How do I import everything in a subdir?

Discussion in 'Python' started by Dfenestr8, Mar 6, 2005.

  1. Dfenestr8

    Dfenestr8 Guest

    Hi.

    I have a program which I want a plugin directory for. I figured the way to
    go about that would be to just add a plugin/ dir to sys.path, and import
    everything in it. Then my program can just execute the main() method of
    each imported plugin.

    Is that a good way to go about it?

    If so, how do I import everything in the plugins dir? The method raises an
    error as you can see.

    >>> import sys
    >>> import os
    >>> sys.path.append("plugins")
    >>> ls = os.popen("ls plugins").readlines()
    >>> for x in ls:

    .... plugs.append(x[0:x.rfind(".py")])
    >>> for x in plugs:

    .... import x
    ....
    Traceback (most recent call last):
    File "<stdin>", line 2, in ?
    ImportError: No module named x
     
    Dfenestr8, Mar 6, 2005
    #1
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  2. On Sun, 06 Mar 2005 15:20:42 +1000, Dfenestr8
    <> declaimed the following in
    comp.lang.python:


    > >>> sys.path.append("plugins")
    > >>> ls = os.popen("ls plugins").readlines()


    There are easier, Python-native ways to get the contents of the
    directories.

    > >>> for x in plugs:

    > ... import x
    > ...
    > Traceback (most recent call last):
    > File "<stdin>", line 2, in ?
    > ImportError: No module named x


    No surprise there... The import /statement/ does not treat its
    argument as a variable to do a look-up against -- if it did, you'd be
    writing stuff like:

    x = "os"
    import x

    or

    import "sys"

    The argument to import is treated /as/ a literal, even though
    lacking quotes.

    Check the manuals on

    __import__() {built-in function}

    or the imp module



    --
    > ============================================================== <
    > | Wulfraed Dennis Lee Bieber KD6MOG <
    > | Bestiaria Support Staff <
    > ============================================================== <
    > Home Page: <http://www.dm.net/~wulfraed/> <
    > Overflow Page: <http://wlfraed.home.netcom.com/> <
     
    Dennis Lee Bieber, Mar 6, 2005
    #2
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  3. Dfenestr8

    John Roth Guest

    "Dfenestr8" <> wrote in message
    news:p...
    > Hi.
    >
    > I have a program which I want a plugin directory for. I figured the way to
    > go about that would be to just add a plugin/ dir to sys.path, and import
    > everything in it. Then my program can just execute the main() method of
    > each imported plugin.
    >
    > Is that a good way to go about it?
    >
    > If so, how do I import everything in the plugins dir? The method raises an
    > error as you can see.


    Read the directory and then use the __import__() method on each
    entry that ends in .py, .pyc or .pyo. Filter for duplicates first or you
    may be executing a single plugin more than once.

    Don't bother with sys.path unless you want your plugins to be
    able to import from that directory as well.

    John Roth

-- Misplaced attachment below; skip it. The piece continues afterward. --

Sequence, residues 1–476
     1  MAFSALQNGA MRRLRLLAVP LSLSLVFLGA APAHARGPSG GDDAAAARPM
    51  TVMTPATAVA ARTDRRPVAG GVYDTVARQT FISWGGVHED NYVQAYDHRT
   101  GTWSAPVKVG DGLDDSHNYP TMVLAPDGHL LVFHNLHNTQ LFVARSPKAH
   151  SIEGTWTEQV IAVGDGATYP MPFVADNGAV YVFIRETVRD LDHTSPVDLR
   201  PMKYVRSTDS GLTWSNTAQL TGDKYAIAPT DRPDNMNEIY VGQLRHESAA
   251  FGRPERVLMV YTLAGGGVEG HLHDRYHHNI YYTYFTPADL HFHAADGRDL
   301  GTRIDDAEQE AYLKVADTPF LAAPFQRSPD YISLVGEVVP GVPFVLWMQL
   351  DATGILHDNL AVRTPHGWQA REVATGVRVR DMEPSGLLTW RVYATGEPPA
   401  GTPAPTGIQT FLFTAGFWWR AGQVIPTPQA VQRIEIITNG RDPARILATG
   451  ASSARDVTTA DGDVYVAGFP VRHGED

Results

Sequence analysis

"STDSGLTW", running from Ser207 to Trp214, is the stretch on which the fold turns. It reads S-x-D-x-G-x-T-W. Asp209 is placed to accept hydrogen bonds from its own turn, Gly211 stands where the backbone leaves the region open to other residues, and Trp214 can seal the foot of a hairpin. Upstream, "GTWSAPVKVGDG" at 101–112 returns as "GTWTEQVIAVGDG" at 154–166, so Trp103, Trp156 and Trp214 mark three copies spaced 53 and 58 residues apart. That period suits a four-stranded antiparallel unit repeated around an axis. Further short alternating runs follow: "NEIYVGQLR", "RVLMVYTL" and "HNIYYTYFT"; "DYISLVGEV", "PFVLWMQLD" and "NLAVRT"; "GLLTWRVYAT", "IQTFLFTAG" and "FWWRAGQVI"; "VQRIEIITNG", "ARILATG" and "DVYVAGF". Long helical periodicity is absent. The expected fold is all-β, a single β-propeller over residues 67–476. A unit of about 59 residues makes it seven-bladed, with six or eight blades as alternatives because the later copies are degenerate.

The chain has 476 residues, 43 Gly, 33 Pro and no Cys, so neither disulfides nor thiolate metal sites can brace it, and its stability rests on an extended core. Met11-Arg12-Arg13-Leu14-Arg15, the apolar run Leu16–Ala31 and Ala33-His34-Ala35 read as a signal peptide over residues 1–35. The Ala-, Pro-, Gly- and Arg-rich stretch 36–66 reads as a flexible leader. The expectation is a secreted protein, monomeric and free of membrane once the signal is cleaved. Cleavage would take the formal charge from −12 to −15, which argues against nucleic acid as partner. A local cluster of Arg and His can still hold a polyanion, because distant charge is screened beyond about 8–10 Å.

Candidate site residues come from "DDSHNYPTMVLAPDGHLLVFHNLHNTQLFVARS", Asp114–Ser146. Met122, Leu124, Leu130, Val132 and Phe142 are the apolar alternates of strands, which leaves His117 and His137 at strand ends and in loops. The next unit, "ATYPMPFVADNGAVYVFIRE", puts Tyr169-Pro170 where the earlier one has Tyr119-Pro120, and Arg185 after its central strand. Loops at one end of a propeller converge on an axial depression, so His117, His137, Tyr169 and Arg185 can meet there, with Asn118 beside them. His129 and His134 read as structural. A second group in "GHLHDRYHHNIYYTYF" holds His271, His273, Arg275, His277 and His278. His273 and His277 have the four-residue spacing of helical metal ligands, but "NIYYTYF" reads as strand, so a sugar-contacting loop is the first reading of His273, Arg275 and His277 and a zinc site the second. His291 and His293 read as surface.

>
    >>>> import sys
    >>>> import os
    >>>> sys.path.append("plugins")
    >>>> ls = os.popen("ls plugins").readlines()
    >>>> for x in ls:

    > ... plugs.append(x[0:x.rfind(".py")])
    >>>> for x in plugs:

    > ... import x
    > ...
    > Traceback (most recent call last):
    > File "<stdin>", line 2, in ?
    > ImportError: No module named x
    >
     
    John Roth, Mar 6, 2005
    #3
  4. Dfenestr8

    YL Guest

    Try something like this:
    for x in plugs:
    cmd = "import %s" % x
    exec (cmd)


    "Dfenestr8" <> wrote in message
    news:p...
    > Hi.
    >
    > I have a program which I want a plugin directory for. I figured the way to
    > go about that would be to just add a plugin/ dir to sys.path, and import
    > everything in it. Then my program can just execute the main() method of
    > each imported plugin.
    >
    > Is that a good way to go about it?
    >
    > If so, how do I import everything in the plugins dir? The method raises an
    > error as you can see.
    >
    > >>> import sys
    > >>> import os
    > >>> sys.path.append("plugins")
    > >>> ls = os.popen("ls plugins").readlines()
    > >>> for x in ls:

    > ... plugs.append(x[0:x.rfind(".py")])
    > >>> for x in plugs:

    > ... import x
    > ...
    > Traceback (most recent call last):
    > File "<stdin>", line 2, in ?
    > ImportError: No module named x
    >
     
    YL, Mar 7, 2005
    #4
  5. YL wrote:
    > Try something like this:
    > for x in plugs:
    > cmd = "import %s" % x
    > exec (cmd)


    For the sake of others who might have missed the rest of this thread,
    I'll point out that this is definitely not the way to go. No need to
    use exec when the builtin __import__ function is already defined for
    exactly this sort of use.

    STeVe
     
    Steven Bethard, Mar 7, 2005
    #5
  6. Dfenestr8

    Cyril BAZIN Guest

    Hello,

    If you want to look for the files "*.py" in a directory, don't use
    shell command!!!
    You have many ways to access the content of a directory in Python.

    For exemple, you can use the glob module:

    >>> import glob
    >>> glob.glob('./[0-9].*')

    ['./1.gif', './2.txt']
    >>> glob.glob('*.gif')

    ['1.gif', 'card.gif']
    >>> glob.glob('?.gif')

    ['1.gif']

    You might look at this page "http://docs.python.org/lib/module-glob.html".

    Cyril
     
    Cyril BAZIN, Mar 7, 2005
    #6
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